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Eye Witness Testimony

1. Mistaken eyewitness testimony is the single largest contributing factor to wrongful convictions. Pre-trial procedures utilized by law enforcement are not necessarily subject to suppression, even when the procedures are considered “unnecessarily suggestive.”

Discuss eyewitness procedure reforms and include an argument for and against the reforms. Using one of the cases from the text as an example, explain how implementation of the reform(s) would have resolved the defense’s concerns.

            One of the potentially beneficial reforms is adopting a double-anonymized lineup during identification to eliminate suggestive identification (Wells et al., 2020). Mandatory documentation of the identification procedures also helps avoid assumptions. Other reforms include but are not limited to adopting sequential lineup legislation to fill loopholes in the identification process that are often relied upon during suppression motions. In hindsight, a sequential lineup would have resolved the defense’s concerns in Foster v. California as it would have eliminated the possibility of relative judgment by the witness, especially with a limited suspect pool. Notably, these reforms will likely improve accuracy and fairness in the identification process, improve process documentation, and eliminate undue suggestibility. However, the reforms increase the procedural requirements and may impede the need for speedy trials (Wells et al., 2020). The reforms call for systemic changes, which may be costly and inconvenient. 

What must the defense establish to successfully suppress a suggestive identification? Use cases as examples.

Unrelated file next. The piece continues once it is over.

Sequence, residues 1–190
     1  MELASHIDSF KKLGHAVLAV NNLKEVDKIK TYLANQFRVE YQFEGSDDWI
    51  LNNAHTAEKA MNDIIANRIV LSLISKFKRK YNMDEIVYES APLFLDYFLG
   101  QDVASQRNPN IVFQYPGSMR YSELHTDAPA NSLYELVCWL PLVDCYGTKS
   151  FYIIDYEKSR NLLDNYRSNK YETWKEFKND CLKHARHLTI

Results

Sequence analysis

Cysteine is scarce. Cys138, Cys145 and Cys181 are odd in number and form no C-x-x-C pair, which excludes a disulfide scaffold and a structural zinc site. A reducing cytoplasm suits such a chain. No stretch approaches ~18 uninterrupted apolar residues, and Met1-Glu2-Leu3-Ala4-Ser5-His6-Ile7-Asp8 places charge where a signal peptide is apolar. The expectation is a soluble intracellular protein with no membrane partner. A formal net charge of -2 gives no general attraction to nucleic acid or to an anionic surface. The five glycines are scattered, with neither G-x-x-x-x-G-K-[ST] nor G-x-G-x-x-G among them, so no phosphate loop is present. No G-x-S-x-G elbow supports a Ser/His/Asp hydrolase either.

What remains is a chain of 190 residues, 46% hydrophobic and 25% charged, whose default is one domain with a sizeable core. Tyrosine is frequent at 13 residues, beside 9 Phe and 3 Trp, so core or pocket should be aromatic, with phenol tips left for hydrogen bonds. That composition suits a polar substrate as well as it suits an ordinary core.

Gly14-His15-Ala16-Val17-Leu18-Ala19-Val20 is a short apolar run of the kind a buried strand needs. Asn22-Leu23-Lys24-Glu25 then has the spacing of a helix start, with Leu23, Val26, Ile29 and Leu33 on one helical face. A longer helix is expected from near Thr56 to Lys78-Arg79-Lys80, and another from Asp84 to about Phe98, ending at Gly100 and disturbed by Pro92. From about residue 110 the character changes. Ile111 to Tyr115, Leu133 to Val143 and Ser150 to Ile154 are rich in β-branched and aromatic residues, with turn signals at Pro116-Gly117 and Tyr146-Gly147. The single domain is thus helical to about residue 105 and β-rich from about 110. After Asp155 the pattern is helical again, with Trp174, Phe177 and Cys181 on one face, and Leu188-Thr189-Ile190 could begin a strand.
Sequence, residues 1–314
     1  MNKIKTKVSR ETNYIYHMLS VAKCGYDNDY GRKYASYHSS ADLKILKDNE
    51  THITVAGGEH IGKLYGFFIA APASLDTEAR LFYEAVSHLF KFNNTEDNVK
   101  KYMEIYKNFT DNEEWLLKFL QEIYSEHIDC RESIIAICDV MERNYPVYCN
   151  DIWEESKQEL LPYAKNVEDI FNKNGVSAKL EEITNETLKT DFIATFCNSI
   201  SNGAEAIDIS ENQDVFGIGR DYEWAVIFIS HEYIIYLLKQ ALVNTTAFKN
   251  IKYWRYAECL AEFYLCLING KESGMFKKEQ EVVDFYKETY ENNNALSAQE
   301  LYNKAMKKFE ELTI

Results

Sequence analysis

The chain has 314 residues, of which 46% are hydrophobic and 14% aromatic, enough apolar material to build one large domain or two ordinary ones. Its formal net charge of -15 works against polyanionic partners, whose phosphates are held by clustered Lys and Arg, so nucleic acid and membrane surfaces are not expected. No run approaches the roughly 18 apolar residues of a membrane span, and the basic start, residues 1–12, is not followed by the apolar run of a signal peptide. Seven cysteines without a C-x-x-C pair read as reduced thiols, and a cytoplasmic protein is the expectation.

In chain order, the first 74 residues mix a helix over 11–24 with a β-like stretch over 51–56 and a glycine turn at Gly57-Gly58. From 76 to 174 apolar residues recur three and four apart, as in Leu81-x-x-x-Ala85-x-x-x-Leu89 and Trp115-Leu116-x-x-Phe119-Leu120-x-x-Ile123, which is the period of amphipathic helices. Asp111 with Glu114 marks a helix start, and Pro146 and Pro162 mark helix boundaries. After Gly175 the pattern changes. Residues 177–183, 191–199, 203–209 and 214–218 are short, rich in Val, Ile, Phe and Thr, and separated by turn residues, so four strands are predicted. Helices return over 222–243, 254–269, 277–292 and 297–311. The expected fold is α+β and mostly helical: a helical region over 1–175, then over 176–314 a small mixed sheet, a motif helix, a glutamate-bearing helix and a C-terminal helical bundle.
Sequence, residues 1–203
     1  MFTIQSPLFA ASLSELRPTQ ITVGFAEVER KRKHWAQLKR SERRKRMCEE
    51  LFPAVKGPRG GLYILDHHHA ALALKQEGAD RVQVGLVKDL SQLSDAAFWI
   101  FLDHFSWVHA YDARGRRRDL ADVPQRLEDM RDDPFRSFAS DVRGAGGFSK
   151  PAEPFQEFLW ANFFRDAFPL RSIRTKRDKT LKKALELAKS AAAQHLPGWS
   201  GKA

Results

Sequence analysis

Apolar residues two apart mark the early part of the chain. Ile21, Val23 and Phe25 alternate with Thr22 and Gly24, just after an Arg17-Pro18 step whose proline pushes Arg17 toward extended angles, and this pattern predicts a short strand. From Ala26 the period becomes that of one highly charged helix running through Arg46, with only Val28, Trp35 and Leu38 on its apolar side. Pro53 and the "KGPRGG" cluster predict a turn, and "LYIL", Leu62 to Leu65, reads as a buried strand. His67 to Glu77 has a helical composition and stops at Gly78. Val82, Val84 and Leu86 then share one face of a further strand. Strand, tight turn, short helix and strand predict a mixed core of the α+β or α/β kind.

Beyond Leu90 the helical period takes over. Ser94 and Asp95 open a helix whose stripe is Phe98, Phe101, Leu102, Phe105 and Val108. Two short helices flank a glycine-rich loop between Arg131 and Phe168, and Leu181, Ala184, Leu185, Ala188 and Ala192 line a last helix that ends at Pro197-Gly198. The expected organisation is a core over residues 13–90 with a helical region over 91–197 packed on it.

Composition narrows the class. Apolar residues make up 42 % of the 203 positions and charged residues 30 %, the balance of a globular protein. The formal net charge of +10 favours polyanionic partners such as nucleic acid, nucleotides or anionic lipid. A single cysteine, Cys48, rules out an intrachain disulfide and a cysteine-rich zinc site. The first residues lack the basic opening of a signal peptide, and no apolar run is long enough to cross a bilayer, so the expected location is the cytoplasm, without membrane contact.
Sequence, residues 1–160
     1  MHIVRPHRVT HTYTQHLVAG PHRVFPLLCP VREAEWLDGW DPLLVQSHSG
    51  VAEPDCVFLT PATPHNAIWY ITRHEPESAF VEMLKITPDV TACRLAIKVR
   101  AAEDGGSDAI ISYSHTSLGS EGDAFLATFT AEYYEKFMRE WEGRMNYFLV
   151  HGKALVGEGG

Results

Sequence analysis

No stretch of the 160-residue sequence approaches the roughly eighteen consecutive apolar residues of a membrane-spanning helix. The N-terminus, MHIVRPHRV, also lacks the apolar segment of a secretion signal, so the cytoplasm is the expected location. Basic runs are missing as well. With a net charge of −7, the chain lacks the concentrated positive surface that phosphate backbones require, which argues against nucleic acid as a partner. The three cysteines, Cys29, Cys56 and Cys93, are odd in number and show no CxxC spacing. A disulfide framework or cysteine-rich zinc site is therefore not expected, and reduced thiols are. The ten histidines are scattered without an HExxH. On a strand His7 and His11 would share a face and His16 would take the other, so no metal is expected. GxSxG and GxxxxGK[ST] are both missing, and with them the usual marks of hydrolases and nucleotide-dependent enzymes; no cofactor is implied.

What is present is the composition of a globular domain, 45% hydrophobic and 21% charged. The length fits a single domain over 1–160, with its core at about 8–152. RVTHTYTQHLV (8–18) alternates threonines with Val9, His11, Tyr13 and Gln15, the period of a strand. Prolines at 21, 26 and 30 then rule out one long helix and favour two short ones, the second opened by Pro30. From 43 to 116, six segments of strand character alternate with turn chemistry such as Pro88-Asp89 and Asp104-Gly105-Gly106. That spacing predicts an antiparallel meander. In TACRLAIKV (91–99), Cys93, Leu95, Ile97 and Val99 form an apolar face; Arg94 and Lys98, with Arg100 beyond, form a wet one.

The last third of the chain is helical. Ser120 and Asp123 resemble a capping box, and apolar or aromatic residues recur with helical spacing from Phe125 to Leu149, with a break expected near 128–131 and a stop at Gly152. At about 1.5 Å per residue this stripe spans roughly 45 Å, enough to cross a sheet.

The defense must prove due process or procedural flaws. This is evidenced in Coleman v. Alabama, where the police identification procedure was flawed. The defense must also prove the occurrence of a suggestive lineup during the identification process. This involves proving that a suspect stood out conspicuously, such as in the four-person lineup in the Foster v. California case. Thirdly, they must prove a violation of any constitutional amendment, such as the Fourth Amendment, in Young v. Conway.

Despite the arguments in favor of eyewitness identification reform, is law enforcement motivated to implement such reforms when suppression is not ordinarily a viable option for the defense?

            Yes. The continued adoption of community policing and other reforms that revolutionized the police force have inspired proactivity in law enforcement. Therefore, the police are likely to embrace eyewitness identification reforms despite the hurdles with suppression, given that it would help improve the accuracy and fairness in the criminal justice system, which is a crucial determinant of the success of the police reforms.

How did the Court in United States v. Salerno reason that the Bail Reform Act of 1984, which permitted pre-trial detention without bail, was consistent with the 8th Amendment’s prohibition against “excessive bail?” How does pre-trial detention adversely impact the defendant’s ability to prepare a defense, and in what ways does pre-trial detention impact society? 

            The court reasoned that the Act did not impede speedy trial and was not intended as unusual punishment. It was only applicable in cases where the defendant posed a critical danger to society and had a high flight risk. Thus, it aligned with the 8th Amendment.

            Pre-trial detention limits the defendant’s access to legal resources. Also, it subjects them to unwarranted psychological torture and stress and possible loss of employment during this period. Pre-trial detention also adversely impacts society as it increases the tax burden and leads to undue family separations, which has massive ripple effects (Digard & Swavola, 2019). It also perpetuates inequities in the justice system, given that it overshadows the value of the “innocent until proven guilty” principle.